The Supreme Court is the state’s highest court. It consists of the Chief Justice and six associate justices. In addition, justices who are eligible and who have not yet attained the age of 70 may elect to take senior status and remain as members of the court.
A panel of five justices hears and decides each case. On occasion, the Chief Justice summons the court to sit en banc as a full court of seven, instead of a panel of five, to hear particularly important cases.
The Supreme Court reviews decisions made in the Superior Court to determine if any errors of law have been committed. It also reviews selected decisions of the Appellate Court.
Generally, the Supreme Court does not hear witnesses or receive evidence. It decides each case on:
- the record of lower court proceedings;
- briefs, which are used by counsel to convey to the court the essential points of each party’s case; and,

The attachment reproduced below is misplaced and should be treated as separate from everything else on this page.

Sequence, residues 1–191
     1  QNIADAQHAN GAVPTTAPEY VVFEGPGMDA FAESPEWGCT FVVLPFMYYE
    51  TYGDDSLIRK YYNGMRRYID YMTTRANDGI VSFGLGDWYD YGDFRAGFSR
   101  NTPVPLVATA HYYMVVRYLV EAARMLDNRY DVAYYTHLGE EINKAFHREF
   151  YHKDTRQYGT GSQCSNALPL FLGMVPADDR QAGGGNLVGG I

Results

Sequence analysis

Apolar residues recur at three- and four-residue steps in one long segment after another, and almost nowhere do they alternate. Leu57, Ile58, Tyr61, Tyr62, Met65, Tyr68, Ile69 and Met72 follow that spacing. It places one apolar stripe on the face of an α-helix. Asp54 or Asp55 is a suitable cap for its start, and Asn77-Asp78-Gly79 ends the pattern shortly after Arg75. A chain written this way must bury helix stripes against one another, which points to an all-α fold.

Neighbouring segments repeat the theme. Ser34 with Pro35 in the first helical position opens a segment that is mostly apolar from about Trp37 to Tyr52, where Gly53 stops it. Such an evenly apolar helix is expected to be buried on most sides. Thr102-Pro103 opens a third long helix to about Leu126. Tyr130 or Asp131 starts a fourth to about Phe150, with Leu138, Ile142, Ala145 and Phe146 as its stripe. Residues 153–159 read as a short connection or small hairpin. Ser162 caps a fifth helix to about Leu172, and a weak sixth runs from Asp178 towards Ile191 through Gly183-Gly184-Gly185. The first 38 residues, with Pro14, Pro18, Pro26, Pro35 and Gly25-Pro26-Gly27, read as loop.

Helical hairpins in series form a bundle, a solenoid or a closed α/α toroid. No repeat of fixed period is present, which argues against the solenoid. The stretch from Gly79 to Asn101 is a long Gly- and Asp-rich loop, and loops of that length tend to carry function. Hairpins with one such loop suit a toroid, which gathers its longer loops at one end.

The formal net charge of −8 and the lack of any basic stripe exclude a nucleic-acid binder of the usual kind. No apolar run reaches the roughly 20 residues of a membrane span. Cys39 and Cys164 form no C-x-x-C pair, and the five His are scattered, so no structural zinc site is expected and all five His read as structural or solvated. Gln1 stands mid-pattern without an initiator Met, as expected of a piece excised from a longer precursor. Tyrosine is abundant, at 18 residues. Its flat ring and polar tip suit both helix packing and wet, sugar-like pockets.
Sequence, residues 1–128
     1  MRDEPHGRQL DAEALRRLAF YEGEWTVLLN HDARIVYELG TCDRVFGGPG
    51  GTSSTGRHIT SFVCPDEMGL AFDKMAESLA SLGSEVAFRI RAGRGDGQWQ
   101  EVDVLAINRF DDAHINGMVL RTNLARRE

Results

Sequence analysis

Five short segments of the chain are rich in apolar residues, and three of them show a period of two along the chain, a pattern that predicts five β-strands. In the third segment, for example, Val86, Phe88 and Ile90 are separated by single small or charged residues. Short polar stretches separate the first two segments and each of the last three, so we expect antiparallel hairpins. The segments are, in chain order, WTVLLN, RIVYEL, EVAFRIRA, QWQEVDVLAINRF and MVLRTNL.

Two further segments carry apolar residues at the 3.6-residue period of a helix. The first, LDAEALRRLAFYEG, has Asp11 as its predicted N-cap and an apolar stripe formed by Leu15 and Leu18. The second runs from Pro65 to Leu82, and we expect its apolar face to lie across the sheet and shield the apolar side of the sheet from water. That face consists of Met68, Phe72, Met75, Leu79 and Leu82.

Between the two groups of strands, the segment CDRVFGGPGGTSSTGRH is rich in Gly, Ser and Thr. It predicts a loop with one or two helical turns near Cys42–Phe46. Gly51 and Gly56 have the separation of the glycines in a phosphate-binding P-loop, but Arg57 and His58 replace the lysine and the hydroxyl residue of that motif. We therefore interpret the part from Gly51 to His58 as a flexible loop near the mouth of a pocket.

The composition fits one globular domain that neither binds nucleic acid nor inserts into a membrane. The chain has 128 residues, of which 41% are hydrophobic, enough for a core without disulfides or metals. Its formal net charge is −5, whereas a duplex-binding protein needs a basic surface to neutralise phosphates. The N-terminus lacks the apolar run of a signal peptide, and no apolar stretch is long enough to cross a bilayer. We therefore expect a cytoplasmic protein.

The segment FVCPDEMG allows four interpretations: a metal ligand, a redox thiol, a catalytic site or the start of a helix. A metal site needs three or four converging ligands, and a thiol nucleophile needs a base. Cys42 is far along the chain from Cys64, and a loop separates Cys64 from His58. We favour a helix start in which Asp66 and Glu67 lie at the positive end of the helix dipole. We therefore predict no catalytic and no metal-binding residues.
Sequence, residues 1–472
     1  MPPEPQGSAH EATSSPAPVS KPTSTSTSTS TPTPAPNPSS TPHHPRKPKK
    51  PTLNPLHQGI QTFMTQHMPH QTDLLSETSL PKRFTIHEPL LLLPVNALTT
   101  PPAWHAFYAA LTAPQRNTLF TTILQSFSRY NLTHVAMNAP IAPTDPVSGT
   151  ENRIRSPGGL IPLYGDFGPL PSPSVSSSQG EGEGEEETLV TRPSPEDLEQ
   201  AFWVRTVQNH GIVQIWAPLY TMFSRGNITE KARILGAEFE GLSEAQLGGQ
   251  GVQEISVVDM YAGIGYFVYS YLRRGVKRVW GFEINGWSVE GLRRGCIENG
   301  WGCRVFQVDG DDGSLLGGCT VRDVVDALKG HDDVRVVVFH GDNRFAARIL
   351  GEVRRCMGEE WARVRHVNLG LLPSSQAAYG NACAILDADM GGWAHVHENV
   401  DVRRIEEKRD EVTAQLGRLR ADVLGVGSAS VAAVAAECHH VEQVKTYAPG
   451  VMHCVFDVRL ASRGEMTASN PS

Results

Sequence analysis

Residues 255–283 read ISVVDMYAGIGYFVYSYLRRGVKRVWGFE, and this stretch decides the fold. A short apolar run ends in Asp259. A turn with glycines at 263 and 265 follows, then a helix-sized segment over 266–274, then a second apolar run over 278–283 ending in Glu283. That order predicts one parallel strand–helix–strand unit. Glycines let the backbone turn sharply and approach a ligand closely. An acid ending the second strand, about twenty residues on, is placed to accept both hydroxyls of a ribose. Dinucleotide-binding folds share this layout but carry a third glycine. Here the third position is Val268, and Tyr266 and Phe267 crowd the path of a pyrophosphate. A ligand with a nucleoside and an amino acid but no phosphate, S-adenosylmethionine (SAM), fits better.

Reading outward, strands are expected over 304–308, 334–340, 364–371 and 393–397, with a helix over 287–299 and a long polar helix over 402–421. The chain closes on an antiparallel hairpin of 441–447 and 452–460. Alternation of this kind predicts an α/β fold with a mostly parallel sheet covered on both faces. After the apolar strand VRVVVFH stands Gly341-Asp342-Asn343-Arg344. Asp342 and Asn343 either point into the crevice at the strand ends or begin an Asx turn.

- oral argument based on the content of the briefs.
State law specifies which types of appeals may be brought directly to the Supreme Court from the Superior Court, thereby bypassing the Appellate Court. These cases include: decisions where the Superior Court has found a provision of the state constitution or a state statute invalid and convictions of capital felonies. All other appeals are brought to the Appellate Court.
The Supreme Court may transfer to itself any matter filed in the Appellate Court, and may agree to review decisions of the Appellate Court through a process call or texted certification. Except for any matter brought under its original jurisdiction, as defined by the State Constitution, the Supreme Court may transfer any matter pending before it to the Appellate Court.